We've cruised on commercial pleasure vessels with cabin counts ranging from 17 to nearly a 1000. Azamara's 2 identical vessels (the Journey and the Quest) strike a very satisfying balance. The ships are large enough to have multiple dining options, cabaret entertainment venue, pool deck, full gym and spa, casino and shops. More importantly, they're small enough that they're usually able to dock in town in the center of things while larger ships have to use tenders and ferry their passengers in and out. They're also small enough that you regularly encounter the captain and ships officers who, surprisingly, make the effort to learn your names and participation energy. Customer loyalty to the Azamara brand is very high; we met one gentleman embarking on his 24th cruise aboard the Quest.
The dining experience was top shelf.
Soda, wine, well drinks and beers are included as part of the cruise. What does that mean? It means that you have the choice between a white or red wine at each meal. These house wines change daily and by venue. All in all, they were quite adequate and, occasionally, great. Alternately, you can grab any of 3 beers (Becks, Budweiser or Bud Lite) or order a cocktail. There are premium beers, wines and call drinks you can order for an extra (steep) charge. There is no alcohol available with room service orders unless you buy it separately. So the "all-inclusive" designation comes with quite a few caveats but it's still better than being nickeled and dimed over every little sip.
For those willing and desiring to pay for better drinking options, there's plenty to chose from. Based on their Northern California wine selections from major producers, they charge about 2x what I'd pay in a retail setting back home (Northern California). Corkage fees are $10 per bottle and they have no restrictions on how much you can bring onboard. So it's theoretically possible to wheel your private collection aboard and catch up on your wine club. Bring your own corkscrew for use in your stateroom, theirs is pathetic if serviceable.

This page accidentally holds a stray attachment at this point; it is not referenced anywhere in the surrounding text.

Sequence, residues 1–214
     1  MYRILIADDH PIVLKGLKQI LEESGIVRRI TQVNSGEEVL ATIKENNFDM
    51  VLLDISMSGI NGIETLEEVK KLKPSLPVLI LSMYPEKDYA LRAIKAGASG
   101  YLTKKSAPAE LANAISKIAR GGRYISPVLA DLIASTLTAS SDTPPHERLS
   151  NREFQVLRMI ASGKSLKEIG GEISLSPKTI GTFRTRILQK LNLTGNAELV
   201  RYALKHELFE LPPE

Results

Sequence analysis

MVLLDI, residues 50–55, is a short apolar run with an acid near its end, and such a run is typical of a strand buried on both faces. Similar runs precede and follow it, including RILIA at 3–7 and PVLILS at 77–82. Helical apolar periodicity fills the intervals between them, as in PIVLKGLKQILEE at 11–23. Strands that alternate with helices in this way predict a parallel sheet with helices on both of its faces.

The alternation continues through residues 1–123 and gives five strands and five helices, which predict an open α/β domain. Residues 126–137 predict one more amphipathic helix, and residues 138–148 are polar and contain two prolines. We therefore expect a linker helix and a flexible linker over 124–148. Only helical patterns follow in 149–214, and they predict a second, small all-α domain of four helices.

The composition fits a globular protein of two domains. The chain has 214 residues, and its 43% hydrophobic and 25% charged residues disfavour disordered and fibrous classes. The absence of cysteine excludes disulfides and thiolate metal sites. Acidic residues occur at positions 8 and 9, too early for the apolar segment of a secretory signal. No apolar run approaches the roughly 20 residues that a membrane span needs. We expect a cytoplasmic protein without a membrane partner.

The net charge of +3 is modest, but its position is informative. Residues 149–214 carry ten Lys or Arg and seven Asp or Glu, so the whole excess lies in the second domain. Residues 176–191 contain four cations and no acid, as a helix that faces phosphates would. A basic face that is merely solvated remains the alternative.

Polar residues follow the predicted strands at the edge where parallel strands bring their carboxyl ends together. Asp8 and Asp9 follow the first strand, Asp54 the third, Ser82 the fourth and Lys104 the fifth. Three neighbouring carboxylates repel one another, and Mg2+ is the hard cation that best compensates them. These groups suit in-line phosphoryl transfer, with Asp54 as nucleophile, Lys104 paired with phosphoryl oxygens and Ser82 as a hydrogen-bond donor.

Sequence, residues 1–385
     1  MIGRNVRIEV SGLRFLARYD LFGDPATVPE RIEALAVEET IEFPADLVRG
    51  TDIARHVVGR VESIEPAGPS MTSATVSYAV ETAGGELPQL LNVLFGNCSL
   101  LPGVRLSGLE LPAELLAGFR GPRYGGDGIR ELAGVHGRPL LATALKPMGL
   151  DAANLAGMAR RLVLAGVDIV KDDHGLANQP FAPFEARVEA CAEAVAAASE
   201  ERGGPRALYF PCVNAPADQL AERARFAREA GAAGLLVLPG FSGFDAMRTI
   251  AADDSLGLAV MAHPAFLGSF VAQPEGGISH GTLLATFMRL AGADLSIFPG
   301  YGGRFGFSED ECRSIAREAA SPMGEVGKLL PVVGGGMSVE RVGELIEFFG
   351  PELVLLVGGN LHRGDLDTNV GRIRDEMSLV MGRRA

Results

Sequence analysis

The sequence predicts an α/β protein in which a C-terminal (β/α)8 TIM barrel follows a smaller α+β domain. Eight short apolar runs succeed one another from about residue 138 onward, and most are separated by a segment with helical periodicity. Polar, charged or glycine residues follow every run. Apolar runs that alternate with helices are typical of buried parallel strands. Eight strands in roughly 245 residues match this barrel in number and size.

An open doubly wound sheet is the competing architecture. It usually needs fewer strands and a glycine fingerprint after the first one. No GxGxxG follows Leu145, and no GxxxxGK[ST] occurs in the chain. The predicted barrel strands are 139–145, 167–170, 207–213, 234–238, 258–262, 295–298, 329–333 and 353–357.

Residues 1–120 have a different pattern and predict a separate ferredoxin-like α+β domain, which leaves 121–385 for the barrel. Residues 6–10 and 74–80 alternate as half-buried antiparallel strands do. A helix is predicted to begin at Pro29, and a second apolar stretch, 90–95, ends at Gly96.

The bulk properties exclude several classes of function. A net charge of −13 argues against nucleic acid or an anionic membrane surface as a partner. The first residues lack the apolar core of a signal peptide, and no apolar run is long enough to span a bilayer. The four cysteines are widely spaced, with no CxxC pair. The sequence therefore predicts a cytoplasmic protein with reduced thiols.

Call me slow but it wasn't until this cruise that I realized you can probably anticipate the clientele by the cost of the cruise. Azamara is a bit upscale and, in direct association, has an older clientele. It pains me to realize that, though on the young side, I fit reasonably well into this line's demographic. Port stops looked a little like a jail break from a retirement community. There were younger couples and some teens onboard but my bet was that half of them were with their grandparents.
My wife and I just disembarked from the Azamara Questions 7-18/8-1 2015 voyage originating in Edinburgh, saling the length of Norway under the midnight sun and ending at Copenhagen. Trhough sheer luck, cabin 6071 turned out to be special.
Azamara plans a facelift in the spring of 2016. February for the Journey and March or April for the Quest. In preparation, cabin 6017 on the Quest underwent remodeling during the cruise immediately preceding our cruise. We were the 1st guests to stay in the new 6071.
It's a very nice face-lift that switches the ship motif from its current "Renaissance" look to some more contemporary: lots of textures and finishes in what I characterize as sea green stainless steel. We were so very lucky.
BTW, the itinerary was spectacular. I'm being facetious when I say there were too many waterfalls. But there were.